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"SMALLSVILLE COLLEGE: A DIVISION OF HARVARD.INC."

The Mail

NO WRITER ATTRIBUTED

To the Editors of the Crimson:

The actions by the Graduate Student Union over the question of the financial state of the University points out something that has been long overlooked: the operation and administration of colleges and universities is chained to the past. I doubt that the Union will uncover barrels of money that Harvard is hiding from them, because Harvard clings to its 19th century notion that nonprofitability equals academic excellence. The Administration wouldn't dream of making money, because it just isn't the Harvardly thing to do.

But consider this. There are over 200 colleges and universities in the United States. With 2000 administrations, 2000 personnel offices, 2000 alumni offices, 2000 this, 2000 that. Education is big business, one of the biggest businesses in the world, and yet it is run on totally outmoded notions of organization, administration, financing, etc.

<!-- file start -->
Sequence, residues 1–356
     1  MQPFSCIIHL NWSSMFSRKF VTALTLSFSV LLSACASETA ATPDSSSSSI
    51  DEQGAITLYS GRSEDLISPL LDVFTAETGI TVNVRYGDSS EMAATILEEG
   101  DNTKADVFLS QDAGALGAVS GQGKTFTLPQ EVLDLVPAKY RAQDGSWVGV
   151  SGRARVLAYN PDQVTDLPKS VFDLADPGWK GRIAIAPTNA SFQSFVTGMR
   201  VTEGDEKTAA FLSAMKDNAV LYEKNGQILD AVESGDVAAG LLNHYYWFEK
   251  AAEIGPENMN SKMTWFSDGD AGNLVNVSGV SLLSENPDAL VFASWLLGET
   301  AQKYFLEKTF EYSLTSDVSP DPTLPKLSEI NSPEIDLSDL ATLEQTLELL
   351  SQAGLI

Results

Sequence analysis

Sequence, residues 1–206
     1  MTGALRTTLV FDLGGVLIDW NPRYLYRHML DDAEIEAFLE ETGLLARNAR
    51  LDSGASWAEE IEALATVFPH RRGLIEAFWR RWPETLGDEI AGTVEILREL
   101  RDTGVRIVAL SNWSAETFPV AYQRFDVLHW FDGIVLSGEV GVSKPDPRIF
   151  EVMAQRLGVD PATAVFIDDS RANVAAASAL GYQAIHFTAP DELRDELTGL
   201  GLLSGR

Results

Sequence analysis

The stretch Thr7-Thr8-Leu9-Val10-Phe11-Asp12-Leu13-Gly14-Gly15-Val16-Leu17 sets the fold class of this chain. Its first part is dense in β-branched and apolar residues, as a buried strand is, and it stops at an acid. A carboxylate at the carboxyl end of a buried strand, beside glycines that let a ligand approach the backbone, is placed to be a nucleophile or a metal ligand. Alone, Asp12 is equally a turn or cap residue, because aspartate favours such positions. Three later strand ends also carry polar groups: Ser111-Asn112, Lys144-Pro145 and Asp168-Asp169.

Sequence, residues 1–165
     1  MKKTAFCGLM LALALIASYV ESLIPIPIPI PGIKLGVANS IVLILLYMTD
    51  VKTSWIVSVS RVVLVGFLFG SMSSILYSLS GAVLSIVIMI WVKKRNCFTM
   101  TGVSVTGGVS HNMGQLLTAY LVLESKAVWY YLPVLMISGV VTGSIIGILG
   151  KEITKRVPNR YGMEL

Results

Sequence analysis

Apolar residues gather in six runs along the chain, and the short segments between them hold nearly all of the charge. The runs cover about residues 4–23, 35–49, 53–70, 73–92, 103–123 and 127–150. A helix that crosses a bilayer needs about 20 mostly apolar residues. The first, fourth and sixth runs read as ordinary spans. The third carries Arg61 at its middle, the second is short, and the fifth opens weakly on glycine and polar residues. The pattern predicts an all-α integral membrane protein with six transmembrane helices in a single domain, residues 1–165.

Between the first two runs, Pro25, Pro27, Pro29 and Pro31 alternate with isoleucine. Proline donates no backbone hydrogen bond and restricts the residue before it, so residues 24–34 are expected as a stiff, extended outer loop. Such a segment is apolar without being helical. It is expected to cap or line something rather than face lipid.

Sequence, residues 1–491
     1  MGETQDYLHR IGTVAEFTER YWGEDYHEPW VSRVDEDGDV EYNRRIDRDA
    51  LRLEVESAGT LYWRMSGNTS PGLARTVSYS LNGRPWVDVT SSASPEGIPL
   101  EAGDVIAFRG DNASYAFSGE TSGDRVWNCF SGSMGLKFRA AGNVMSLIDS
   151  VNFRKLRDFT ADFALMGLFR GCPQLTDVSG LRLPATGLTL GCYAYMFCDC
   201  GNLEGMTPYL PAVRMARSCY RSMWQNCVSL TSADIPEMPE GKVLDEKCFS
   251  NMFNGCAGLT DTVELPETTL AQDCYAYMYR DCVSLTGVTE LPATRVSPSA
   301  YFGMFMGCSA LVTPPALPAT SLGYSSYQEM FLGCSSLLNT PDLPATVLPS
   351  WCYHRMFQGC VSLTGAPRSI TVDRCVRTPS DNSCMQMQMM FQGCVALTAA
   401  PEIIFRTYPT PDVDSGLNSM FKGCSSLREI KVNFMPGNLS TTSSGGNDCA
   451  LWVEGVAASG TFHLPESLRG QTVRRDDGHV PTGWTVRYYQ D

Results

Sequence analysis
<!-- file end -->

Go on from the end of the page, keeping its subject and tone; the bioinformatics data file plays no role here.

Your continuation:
Harvard shouldn't be investing in Gulf Oil when it could be investing in education and knowledge, when it could be acquiring, yes, acquiring, scores of smaller and even more financially troubled institutions and developing a nationwide University run on modern management principles, rather that on the old school ties, when it could be going into publishing and consulting businesses in a big way, rather that leaving those profits to Doubleday and Arthur D. Little.

Smallaville College, a division of Harvard University. With centralized management, and student-faculty exchanges. Reorganzze the University along business-like principles and it will thrive. As it now stands, the students and faculty pay the price of maintaining Harvard in the 19th century, while they have to live in the 20th. Surely you can do a hell of a lot more for everyone concerned when you've got Harvard's Billion Dollar Endowment and Endless Prestige to work with. Steve Nelson   LL. B. '65   M.P.A. '66

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